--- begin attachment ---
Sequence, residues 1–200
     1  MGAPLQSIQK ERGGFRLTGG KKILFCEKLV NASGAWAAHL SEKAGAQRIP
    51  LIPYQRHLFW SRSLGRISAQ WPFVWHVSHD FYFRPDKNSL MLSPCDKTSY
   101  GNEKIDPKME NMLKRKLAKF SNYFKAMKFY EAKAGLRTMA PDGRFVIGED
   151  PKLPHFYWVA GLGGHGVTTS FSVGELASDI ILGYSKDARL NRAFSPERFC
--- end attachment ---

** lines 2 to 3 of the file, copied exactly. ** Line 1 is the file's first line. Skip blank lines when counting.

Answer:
     1  MGAPLQSIQK ERGGFRLTGG KKILFCEKLV NASGAWAAHL SEKAGAQRIP
    51  LIPYQRHLFW SRSLGRISAQ WPFVWHVSHD FYFRPDKNSL MLSPCDKTSY